2 Figure 1. Relay-attack scheme. Attackers establish a communications channel between the reader and tag and thereby authenticate themselves in the target system. systems are subject to generic attacks that threaten system security and user privacy. However, there are also many attacks that specifically target RFID system technologies. Eavesdropping In eavesdropping, hackers secretly monitor data sent from an RFID tag to a reader, or vice versa, via the air interface (the communication channel between the reader and tag). Because eavesdropping is passive that is, the attacker doesn t emit any signal it s highly difficult to detect. The most common countermeasures are to encrypt the data (so eavesdropping hackers can t understand the signal) and to use a metal screen to shield the tag and reader during information exchange (such as at border checkpoints). It s also important to limit the distance between the tag and reader by using the standard with the smallest communication range sufficient for a given application. However, developers must also bear in mind that, using a nonstandard reader, hackers can extend a standard communication range several times. 5 Relay attacks As figure 1 shows, in a relay attack, attackers create a connection between a legitimate reader and a victim s legitimate tag. 5 From the RFID system s viewpoint, the communication looks as if the legitimate tag and the reader are close to each other, when in fact they re communicating through the (usually wireless) communication channel that the attackers have established. Attackers can thereby authenticate themselves in access-control or payment systems. Researchers have proven that it s possible to successfully execute a relay attack against an ISO-14443A-compliant RFID system. 6 Fake RFID tag Because attackers only transmit information without needing to understand it the authentication protocol (such as challenge-response) doesn t protect against this kind of attack. Developers can counter this threat and the following four by using short-range tags and by shielding the tags (such as keeping them in bags made of aluminum foil) while not in use. There s also a specific relay-attack countermeasure, the distance bounding protocol, 7 which uses response time to estimate the distance between the reader and tag. Any distance Legitimate devices Attacker s devices Data transmission Fake RFID reader Unauthorized tag reading Attackers can use a fake reader to read tag information. They can extend a fake reader s range by several times that of the standard communication distance. 5,8 Moreover, it s relatively cheap to build an extended range reader. A specific countermeasure against unauthorized tag reading is reader authentication. Another is initialization of transmission after the user activates the tag (by pressing a button, for example), so the possibility of unauthorized reading is limited to moments when the user demands a legitimate communication. Developers can also reduce risk by moving sensitive information to a protected database in the system s back end, as in VeriMed (see a medical information system. Developers can address concerns about the unauthorized reading of a shopping bag s RFID-tagged contents using the kill command, which permanently disables the tag (and is obligatory in standard EPCGlobal Class 2). Researchers have also proposed a tag designed to let users physically destroy it. 9 Tag cloning In tag cloning, attackers make a duplicate RFID tag, which might either be quite similar in size or much larger than the original but have the same functionality. Attackers can use duplicates to access a restricted area, abuse private data, or make an electronic transaction on the victim s behalf. Tag authentication prevents cloning; if developers use a challenge-response protocol, the information that attackers can obtain through the air interface (such as by eavesdropping) is insufficient to duplicate the tag. Also, developers can apply appropriate measures at the circuit manufacturing stage to protect tags from duplication by reverse engineering. People tracking In people tracking, attackers follow tag carriers movements using various techniques, including placing fake readers in doors or deploying eavesdropping devices near legitimate readers. Several countermeasures that I ve already discussed also work with track- APRIL JUNE 2008 PERVASIVE computing 71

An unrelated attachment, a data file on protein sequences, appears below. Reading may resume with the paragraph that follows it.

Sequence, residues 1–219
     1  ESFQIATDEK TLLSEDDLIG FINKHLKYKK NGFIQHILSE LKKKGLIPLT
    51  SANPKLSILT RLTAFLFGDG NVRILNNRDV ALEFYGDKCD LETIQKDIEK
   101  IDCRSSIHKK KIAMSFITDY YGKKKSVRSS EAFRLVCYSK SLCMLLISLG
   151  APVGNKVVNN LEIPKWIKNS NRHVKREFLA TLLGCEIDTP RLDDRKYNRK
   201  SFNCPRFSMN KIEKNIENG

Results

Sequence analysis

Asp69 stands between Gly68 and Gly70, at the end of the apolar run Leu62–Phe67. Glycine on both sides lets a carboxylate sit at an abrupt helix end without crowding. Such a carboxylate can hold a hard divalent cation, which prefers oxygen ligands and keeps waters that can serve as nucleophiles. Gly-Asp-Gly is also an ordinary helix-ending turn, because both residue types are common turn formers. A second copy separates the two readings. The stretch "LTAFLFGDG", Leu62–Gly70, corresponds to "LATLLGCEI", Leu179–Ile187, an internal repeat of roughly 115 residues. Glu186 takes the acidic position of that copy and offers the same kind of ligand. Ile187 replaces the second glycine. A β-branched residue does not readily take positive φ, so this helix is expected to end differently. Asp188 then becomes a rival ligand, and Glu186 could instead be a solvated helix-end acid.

3 Security & Privacy TABLE 1 Threats and their relationship to vulnerabilities in RFID systems components. Tag Air interface Reader Network Back end Eavesdropping Relay attack Unauthorized tag reading Tag cloning People tracking Replay attack Tag content changes Malware RFID system breakdown Tag destruction Blocking Jamming Back-end attacks ing, including using low-range tags or shielding tags, authenticating readers, and disabling tags when they re not in use. In the future, however, people will carry many RFID tags, so it might be highly useful to develop a personal device to control access to them, possibly integrated into mobile phones or PDAs. 10 Developers can implement other countermeasures at the tag-design stage, including pseudonyms (changing identifiers) or tag-reader distance estimators based on the signal-to-noise ratio. 11 Replay attacks In replay attacks, attackers abuse authorized tag carriers identities by repeating their authentication sequences. To do this, attackers might use a clone of a legitimate tag or resend the eavesdropped signal from a PC equipped with an appropriate card and antenna. To perform replay attacks, attackers must obtain information sent by the tag during normal communication. Here, countering eavesdropping and unauthorized tag reading offers a first line of defense. A specific replayattack countermeasure is to authenticate tags using, for example, the challengeresponse protocol. In this case, the tag calculates its authentication code based on the challenge the reader sends. In a well-designed protocol, attackers can t deduce the key required to calculate a response from information exchanged through the air interface. Tag content changes If a tag is writeable, attackers can change its content, distorting item attributes or leading the access-control system to falsely reject an authorized person. Furthermore, they can insert malware such as modified tag data that the reader interprets as a command into writeable tags using, for example, SQL injection. 12 In some writeable tags, developers can protect memory content by temporarily or permanently disabling writing capability (using, for example, the standard EPCGlobal Class 2 Gen 2 tag s lock and permalock functions). Also, developers can implement the readers so as to prevent them from interpreting a tag s data as a command. Physical tag destruction The easiest and cheapest way to disrupt RFID systems is to physically destroy the tags heat them in a microwave, hit them with a hammer, and so on. This issue is especially relevant for applications that use RFID tags not just for identification purposes, but also to protect items against theft. Also, people concerned with privacy might destroy the RFID tags in their e-passports, which are still valid even if the RFID tag doesn t work. 13 Blocking and jamming Attackers perform a blocking attack using a blocker tag, which simulates the existence of numerous tags and thus causes a denial of service as the reader endlessly interrogates the nonexistent tags. However, blocking can be useful as originally proposed, it serves to protect consumer privacy. 14 In jamming, attackers paralyze RFID system communications by generating a radio noise at the same frequency as that of the system. Blocker tags and jamming devices are easy to detect and localize, and developers can even implement appropriate warning functionalities into the system. Overall threat analysis Table 1 summarizes the threats and indicates the system component involved in the attack. As the table shows, few threats are related to the back end or the network; such threats are more typical for information systems in general. (For an 72 PERVASIVE computing